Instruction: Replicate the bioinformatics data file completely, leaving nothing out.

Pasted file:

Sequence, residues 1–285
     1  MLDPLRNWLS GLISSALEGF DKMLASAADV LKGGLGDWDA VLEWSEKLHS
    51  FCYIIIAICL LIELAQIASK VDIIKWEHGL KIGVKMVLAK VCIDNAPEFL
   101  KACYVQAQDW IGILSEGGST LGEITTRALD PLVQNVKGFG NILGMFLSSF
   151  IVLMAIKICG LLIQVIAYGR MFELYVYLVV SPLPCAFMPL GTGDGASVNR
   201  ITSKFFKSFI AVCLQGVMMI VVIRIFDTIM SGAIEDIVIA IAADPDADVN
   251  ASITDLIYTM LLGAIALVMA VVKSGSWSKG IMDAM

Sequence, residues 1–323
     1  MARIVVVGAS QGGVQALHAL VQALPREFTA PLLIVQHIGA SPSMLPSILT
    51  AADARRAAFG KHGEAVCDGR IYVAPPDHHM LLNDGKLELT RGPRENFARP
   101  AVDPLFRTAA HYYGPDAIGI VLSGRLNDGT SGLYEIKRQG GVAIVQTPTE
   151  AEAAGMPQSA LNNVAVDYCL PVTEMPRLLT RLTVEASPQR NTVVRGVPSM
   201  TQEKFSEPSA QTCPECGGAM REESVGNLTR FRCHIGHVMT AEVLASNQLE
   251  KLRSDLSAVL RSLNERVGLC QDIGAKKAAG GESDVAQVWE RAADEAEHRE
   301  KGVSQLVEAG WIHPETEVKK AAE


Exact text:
Sequence, residues 1–285
     1  MLDPLRNWLS GLISSALEGF DKMLASAADV LKGGLGDWDA VLEWSEKLHS
    51  FCYIIIAICL LIELAQIASK VDIIKWEHGL KIGVKMVLAK VCIDNAPEFL
   101  KACYVQAQDW IGILSEGGST LGEITTRALD PLVQNVKGFG NILGMFLSSF
   151  IVLMAIKICG LLIQVIAYGR MFELYVYLVV SPLPCAFMPL GTGDGASVNR
   201  ITSKFFKSFI AVCLQGVMMI VVIRIFDTIM SGAIEDIVIA IAADPDADVN
   251  ASITDLIYTM LLGAIALVMA VVKSGSWSKG IMDAM

Sequence, residues 1–323
     1  MARIVVVGAS QGGVQALHAL VQALPREFTA PLLIVQHIGA SPSMLPSILT
    51  AADARRAAFG KHGEAVCDGR IYVAPPDHHM LLNDGKLELT RGPRENFARP
   101  AVDPLFRTAA HYYGPDAIGI VLSGRLNDGT SGLYEIKRQG GVAIVQTPTE
   151  AEAAGMPQSA LNNVAVDYCL PVTEMPRLLT RLTVEASPQR NTVVRGVPSM
   201  TQEKFSEPSA QTCPECGGAM REESVGNLTR FRCHIGHVMT AEVLASNQLE
   251  KLRSDLSAVL RSLNERVGLC QDIGAKKAAG GESDVAQVWE RAADEAEHRE
   301  KGVSQLVEAG WIHPETEVKK AAE